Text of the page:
Naomi Osaka emphatically ended Serena Williams’ latest bid for a record-breaking 24th Grand Slam crown with a straight tear in the Australian Open semi-final on Thursday.
The Japanese third seed swept past the American veteran 6-3, 6-4 at Rod Laver Arena in front of thousands of fans allowed back after Melbourne lifted a quick five-day lockout.
She will face either American Jennifer Brady or Czech Karolina Muchova on Saturday for a fourth Slam title after her success at Flushing Meadows 2018 and last year, and Melbourne 2019.
The victory left Williams, who won her last major in Melbourne 2017, stranded on 23 Grand Slam titles as she strives to match Margaret Court’s record.
Since winning during pregnancy in Australia four years ago, Williams has lost four Slam finals, including one to Osaka in a controversial and heated 2018 US Open decision that left both women in tears.
“I hit a lot of unforced errors during the first few games, I was just really nervous and scared,” said Osaka, who struck out five games in a row in the opening set after going 2-0.
“But then I eased into it and the biggest thing for me was to have fun.”
“For me, it’s always an honor to play her and I did not want to go out (in the tournament) really bad, so I just tried my best,” she added.
Great match experience
While Osaka had a 2-1 head-to-head advantage that went into the blockbuster collision, the 39-year-old Williams had a huge advantage on the big-match experience.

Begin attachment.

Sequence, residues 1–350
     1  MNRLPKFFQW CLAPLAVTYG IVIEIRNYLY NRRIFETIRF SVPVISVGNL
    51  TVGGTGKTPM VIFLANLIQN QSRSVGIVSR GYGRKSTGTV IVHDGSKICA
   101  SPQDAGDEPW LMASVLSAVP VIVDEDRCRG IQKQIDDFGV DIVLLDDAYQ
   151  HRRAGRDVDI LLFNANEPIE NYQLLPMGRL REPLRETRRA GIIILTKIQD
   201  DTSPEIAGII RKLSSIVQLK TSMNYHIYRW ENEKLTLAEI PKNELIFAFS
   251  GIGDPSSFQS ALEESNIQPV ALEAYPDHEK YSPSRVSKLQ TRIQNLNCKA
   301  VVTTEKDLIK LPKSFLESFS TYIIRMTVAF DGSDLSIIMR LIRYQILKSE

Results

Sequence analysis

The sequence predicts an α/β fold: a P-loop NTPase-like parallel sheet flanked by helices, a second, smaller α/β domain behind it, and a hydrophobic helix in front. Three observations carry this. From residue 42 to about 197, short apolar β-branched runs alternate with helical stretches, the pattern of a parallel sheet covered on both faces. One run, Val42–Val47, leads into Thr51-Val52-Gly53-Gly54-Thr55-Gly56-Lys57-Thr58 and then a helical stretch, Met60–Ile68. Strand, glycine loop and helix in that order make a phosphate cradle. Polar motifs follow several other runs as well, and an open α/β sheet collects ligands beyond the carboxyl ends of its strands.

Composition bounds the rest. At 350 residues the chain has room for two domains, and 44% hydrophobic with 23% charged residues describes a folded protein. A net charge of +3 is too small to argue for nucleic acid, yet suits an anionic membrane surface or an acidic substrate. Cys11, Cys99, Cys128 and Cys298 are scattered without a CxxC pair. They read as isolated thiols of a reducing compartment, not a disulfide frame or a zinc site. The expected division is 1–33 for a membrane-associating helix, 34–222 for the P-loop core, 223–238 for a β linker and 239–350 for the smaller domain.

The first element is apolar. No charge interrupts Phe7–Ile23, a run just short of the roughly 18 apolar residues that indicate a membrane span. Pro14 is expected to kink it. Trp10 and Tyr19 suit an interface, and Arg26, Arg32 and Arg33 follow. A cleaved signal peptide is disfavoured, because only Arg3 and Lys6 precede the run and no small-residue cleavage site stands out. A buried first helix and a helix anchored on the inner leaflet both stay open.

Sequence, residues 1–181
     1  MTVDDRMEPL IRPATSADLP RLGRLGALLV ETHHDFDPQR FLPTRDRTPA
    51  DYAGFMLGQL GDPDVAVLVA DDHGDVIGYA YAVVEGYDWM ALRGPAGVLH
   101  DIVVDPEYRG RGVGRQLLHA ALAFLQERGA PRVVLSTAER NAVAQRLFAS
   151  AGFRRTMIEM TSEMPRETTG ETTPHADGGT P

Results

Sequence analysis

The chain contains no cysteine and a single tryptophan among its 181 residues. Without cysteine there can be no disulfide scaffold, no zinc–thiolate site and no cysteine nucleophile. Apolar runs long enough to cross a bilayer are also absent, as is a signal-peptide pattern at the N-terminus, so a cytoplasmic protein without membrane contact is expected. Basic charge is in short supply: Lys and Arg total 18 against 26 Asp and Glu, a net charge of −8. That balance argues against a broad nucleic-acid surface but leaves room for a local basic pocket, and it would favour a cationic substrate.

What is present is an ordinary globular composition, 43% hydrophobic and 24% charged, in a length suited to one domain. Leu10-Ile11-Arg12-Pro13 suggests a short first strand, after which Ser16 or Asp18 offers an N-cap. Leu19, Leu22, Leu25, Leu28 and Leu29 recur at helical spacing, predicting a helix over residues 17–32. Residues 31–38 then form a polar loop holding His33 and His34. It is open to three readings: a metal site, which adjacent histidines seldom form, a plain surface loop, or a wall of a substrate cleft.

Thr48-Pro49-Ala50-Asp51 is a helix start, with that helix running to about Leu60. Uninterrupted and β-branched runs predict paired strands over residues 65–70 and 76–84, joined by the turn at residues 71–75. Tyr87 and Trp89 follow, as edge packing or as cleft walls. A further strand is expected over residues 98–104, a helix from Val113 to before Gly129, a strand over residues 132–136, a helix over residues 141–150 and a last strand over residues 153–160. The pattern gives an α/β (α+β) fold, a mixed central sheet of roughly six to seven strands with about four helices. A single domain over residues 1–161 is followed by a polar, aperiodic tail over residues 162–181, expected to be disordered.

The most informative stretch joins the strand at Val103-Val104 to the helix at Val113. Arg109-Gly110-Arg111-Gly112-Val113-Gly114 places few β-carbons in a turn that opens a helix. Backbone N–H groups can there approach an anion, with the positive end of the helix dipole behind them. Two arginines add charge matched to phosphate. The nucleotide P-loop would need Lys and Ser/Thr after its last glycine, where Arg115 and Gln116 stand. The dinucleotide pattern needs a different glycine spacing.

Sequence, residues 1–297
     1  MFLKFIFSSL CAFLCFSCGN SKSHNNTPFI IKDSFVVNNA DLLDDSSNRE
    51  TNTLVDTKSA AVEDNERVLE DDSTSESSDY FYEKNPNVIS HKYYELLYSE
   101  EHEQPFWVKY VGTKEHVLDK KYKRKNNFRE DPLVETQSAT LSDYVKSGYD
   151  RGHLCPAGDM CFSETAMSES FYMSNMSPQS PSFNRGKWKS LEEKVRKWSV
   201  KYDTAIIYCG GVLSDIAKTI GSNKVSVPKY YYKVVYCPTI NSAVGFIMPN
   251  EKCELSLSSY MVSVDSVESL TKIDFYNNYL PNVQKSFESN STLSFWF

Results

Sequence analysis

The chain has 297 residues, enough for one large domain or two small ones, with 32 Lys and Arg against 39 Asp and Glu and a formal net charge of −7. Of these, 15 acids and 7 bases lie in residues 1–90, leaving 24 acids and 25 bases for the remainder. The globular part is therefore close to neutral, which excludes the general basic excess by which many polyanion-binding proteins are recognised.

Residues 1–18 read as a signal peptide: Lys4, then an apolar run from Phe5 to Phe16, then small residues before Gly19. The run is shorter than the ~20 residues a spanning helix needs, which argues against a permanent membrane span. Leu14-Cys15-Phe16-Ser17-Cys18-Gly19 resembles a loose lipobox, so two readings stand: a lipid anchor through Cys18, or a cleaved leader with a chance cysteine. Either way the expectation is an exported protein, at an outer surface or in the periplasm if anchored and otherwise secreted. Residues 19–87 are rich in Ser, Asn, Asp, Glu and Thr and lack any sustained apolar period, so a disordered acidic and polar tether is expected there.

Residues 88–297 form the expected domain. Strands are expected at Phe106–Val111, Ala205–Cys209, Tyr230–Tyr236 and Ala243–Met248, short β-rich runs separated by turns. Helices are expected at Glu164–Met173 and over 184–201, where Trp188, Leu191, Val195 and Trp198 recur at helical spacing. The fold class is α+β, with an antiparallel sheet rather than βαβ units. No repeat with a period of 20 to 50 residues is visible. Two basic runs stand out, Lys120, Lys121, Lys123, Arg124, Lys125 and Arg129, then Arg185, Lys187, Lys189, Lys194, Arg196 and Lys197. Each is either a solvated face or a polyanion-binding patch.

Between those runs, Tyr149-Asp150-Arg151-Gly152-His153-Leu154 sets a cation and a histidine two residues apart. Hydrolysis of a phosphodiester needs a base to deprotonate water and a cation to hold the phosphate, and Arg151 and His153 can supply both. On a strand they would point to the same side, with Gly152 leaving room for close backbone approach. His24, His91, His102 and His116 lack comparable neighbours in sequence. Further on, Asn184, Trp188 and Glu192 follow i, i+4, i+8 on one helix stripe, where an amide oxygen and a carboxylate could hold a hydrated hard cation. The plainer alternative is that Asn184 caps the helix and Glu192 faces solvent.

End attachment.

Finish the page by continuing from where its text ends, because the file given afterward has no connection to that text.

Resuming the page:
Before the showdown, she had won all eight of her previous semi-finals at Melbourne Park and stretched back 18 years to beat Kim Clijsters on her way to her first Australian title.
Her first Grand Slam semi ever, against Lindsay Davenport at the 1999 US Open, was played when Osaka was just one.
But the 23-year-old boasts a 100 percent record in the Slams when she got past the fourth round, and she kept it intact on Thursday.
Williams worked hard on his fitness during the off-season and asserted himself quickly, breaking Osaka immediately with the Japanese sensation who had problems with the sun and the ball.
She was consolidated by holding the serve, with Osaka guilty of five involuntary errors in the two opening games.
Osaka said before the match that she still felt scared to see Williams on the other side of the net, but her early nerves soon calmed down.
She saved a break point in the next game and went off with an ace and then broke back to equalize the score to 2-2 when Williams sent a pre-long.
Now well and truly in her footsteps, with her hand doing most of the damage, Osaka won five games in a row, and the set, to leave Williams stunned.
She broke again at Williams’ opening serving of the second set, with the American shouting, “Make a shot, make a shot!”
With the crowd roaring at her, Williams stayed in touch and Osaka’s eighth double fault gave her the Americans a break.
But it was a short delay with Osaka breaking again and calmly serving to victory.